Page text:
We’ve been working hard in our gardens, and now’s the time to relax and enjoy the riot of colour spring has given us, says Brian Cunningham.
With summer just around the corner, we are now entering one of my favourite times of the gardening year, as throughout the country our gardens are ablaze with colour from the end of spring crescendo.
Without doubt the star of the show is the rhododendron, where for 11 months of the year they provide an essential evergreen backdrop for smaller shrubs and herbaceous perennials to shine against, now deservedly make centre stage their own, absolutely adorned in flowers.
In the grounds of Scone Palace, Rhododendron ‘Cynthia’ never lets us down with a fine display of rose pink, funnel-shaped flowers and, at around six metres tall, can’t fail to be noticed. Plants of this size may not fit into the majority of our gardens at home but with a genus of 900 species and a further 25,000 hybrids, there are rhododendrons suitable for any sized garden, all the way down to alpine plants standing a mere 20cm tall.
It’s a Scottish obsession to moan about our weather but our climate and soil conditions are actually perfect for growing rhododendrons, being very similar to the wet and acidic soil in which they grow in the wild. Gardens in the west coast of Scotland where it is more mild and wet are particularly suited.
When planting be careful not to plant too deeply as rhododendrons are surface rooting plants and the roots should only be covered. After planting, give them a good watering in, ideally with rainwater and not tap water which contains calcium, before giving them a good mulching of leaf mould, compost or composted bark around 10cm thick. It is important you mulch when the soil around the plant is moist, doing so when dry will mean the next watering or rainfall will have to go down a further 10cm before reaching the plant’s roots where it is needed.
I’m an advocate of hoeing the soil weekly to keep on top of weeds in the garden but this practice should be avoided at all costs around rhododendrons, where it could seriously damage the roots and kill the plants. I can still recall the rollocking I got when doing this around the scientific collection of ‘rhodies’ at the Royal Botanic Garden Edinburgh.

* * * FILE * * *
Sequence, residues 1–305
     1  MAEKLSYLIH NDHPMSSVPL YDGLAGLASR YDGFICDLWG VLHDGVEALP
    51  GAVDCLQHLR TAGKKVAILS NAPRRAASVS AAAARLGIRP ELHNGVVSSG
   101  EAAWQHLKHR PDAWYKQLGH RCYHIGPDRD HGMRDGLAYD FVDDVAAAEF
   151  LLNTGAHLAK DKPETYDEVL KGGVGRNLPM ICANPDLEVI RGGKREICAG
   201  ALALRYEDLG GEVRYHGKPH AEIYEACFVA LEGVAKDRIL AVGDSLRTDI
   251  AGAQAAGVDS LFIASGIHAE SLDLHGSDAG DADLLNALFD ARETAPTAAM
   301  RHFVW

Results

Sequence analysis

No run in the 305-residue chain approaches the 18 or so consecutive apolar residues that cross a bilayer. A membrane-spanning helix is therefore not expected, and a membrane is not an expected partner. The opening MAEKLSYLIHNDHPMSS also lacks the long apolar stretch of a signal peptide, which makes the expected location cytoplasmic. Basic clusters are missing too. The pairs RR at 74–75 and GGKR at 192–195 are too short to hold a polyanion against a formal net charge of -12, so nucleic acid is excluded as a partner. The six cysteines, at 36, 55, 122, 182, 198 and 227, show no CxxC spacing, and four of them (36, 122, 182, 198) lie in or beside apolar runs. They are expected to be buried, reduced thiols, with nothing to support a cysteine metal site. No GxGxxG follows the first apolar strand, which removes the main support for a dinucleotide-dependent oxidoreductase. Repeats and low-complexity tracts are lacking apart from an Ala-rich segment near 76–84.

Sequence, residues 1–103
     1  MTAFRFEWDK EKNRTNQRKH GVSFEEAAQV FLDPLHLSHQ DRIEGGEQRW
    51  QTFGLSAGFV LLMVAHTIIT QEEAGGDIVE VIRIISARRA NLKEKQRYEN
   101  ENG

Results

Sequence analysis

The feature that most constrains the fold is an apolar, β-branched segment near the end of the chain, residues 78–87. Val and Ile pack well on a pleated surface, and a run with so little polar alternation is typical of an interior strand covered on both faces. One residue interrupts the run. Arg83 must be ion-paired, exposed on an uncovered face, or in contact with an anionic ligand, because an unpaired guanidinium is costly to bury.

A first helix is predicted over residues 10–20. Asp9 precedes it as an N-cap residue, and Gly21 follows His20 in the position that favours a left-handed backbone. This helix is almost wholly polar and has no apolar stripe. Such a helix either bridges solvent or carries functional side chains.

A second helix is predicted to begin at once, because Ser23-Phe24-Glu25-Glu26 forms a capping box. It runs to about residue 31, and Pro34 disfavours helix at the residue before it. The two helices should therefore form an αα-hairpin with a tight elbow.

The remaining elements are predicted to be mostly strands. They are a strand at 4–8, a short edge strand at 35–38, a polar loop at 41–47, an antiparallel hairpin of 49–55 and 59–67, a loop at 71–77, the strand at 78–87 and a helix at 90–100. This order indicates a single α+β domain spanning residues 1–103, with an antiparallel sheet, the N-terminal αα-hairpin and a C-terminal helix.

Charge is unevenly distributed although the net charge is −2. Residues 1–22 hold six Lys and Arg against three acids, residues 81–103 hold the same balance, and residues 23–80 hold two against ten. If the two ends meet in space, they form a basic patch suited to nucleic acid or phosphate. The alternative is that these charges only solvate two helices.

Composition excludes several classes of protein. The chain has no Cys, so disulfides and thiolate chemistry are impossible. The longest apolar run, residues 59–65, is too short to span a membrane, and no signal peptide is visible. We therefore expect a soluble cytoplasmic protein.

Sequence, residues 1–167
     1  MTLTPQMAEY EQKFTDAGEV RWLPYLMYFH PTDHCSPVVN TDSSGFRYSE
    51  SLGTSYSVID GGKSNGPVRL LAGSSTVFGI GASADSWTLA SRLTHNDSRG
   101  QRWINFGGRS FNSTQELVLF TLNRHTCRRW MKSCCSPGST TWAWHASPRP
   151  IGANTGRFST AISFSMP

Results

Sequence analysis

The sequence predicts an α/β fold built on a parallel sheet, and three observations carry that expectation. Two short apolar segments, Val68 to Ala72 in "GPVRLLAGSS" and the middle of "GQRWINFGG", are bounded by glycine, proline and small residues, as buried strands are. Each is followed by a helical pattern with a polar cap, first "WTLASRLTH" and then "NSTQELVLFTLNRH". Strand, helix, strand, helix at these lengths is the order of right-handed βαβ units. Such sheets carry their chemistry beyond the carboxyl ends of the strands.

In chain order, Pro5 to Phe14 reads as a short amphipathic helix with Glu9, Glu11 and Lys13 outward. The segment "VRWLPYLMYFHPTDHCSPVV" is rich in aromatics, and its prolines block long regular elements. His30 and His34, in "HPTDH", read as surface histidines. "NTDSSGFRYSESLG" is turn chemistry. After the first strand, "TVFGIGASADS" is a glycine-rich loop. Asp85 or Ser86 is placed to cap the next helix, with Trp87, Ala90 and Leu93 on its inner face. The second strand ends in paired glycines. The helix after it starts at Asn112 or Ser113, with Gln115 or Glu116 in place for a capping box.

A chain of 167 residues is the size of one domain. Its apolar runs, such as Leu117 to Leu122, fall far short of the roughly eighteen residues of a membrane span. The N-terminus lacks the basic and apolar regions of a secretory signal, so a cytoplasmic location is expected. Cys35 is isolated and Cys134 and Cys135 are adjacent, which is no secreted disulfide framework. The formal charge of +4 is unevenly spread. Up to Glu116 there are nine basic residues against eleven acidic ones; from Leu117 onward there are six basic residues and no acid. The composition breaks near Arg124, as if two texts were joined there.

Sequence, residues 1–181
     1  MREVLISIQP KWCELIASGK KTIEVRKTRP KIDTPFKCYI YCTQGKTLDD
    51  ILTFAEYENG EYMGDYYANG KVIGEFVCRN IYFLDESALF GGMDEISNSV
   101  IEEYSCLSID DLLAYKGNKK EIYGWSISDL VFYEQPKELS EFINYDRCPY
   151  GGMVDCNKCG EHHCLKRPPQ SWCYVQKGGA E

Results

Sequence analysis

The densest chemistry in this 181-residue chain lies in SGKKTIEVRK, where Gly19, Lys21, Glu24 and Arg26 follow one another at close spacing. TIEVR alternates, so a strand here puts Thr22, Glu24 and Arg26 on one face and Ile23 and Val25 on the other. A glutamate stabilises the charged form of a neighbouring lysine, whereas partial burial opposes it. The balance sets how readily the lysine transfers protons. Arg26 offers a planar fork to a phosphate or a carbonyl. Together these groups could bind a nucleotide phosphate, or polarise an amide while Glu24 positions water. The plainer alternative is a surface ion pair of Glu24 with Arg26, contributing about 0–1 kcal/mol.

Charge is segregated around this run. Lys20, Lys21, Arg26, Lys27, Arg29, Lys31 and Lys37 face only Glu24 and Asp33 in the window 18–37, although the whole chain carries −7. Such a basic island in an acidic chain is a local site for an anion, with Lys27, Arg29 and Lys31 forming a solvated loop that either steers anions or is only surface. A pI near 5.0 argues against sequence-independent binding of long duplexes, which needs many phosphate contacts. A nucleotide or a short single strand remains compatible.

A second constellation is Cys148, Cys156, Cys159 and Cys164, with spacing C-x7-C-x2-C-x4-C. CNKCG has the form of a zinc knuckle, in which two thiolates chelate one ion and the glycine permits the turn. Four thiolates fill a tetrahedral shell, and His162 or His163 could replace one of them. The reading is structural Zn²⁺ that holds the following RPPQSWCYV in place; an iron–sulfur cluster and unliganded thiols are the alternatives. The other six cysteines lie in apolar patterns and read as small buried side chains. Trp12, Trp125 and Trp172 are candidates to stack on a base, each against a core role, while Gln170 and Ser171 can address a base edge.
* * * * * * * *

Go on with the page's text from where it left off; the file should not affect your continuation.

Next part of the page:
At this time of year I also love just how fresh, lush and healthy the foliage is on all our plants, particularly on our trees and deciduous hedging. I like to savour this time, when all seems perfect in the garden as I know it won’t be long again before their leaves are looking tattered and tired from being beaten by the summer sun and nibbled as a food source and shelter for wildlife.
I’m a big fan of using beech, Fagus sylvatica, as hedging which may sound surprising as, when left to grow as a tree, it can reach over 25 metres tall. Combining green and purple beech together makes a wonderful effect, which to me is at its best just after coming into full leaf when the colours of the fresh foliage seem so pure and clean.
There are also wonderful floral displays to enjoy from smaller, ornamental trees more suitable for our front and back gardens. We cannot fail to miss the golden-yellow flowers hanging from the branches of the Scotch Laburnum but be careful as all parts of this plant, including the seeds, are poisonous.
I have only ever seen the flowers of the tulip tree, Liriodendron tulipifera, on a specimen at Craigtoun Country Park. The tree is no longer there but I can’t help thinking of it fondly and remembering my time spent there as an apprentice gardener, every time I go home for visit. The flowers will only appear on trees that have reached maturity and although I have planted four trees in the Flower Garden at Scone Palace and would love to see them flower one day, it is their lobed leaves that are as much a feature.
The one tree I do look out for flowering every year is that of Davidia involucrata. When I see it flowering I still get the same feeling as I did the first time I saw it, I can’t believe that a tree can flower in this way. When fully draped in large white bracts it is said to resemble handkerchiefs hanging on a line, although I prefer the more romantic description of a flight of white doves.
If you see this I’m sure you would agree that this is a very special tree, but don’t just take my word for it, in 1899 plant hunter Ernest Wilson was sent to China on an expedition where it was his sole mission to find and collect seeds of this tree.
I always find that this point in the year sees the end of months of hard work and skill, nurturing and preparing summer crops and bedding for display.
I think you’ve earned yourself a wee breather now and a chance to enjoy the last of the spring garden.
Brian Cunningham is a presenter on the BBC’s Beechgrove Garden and head gardener at Scone Palace. Follow him on Twitter @gingergairdner.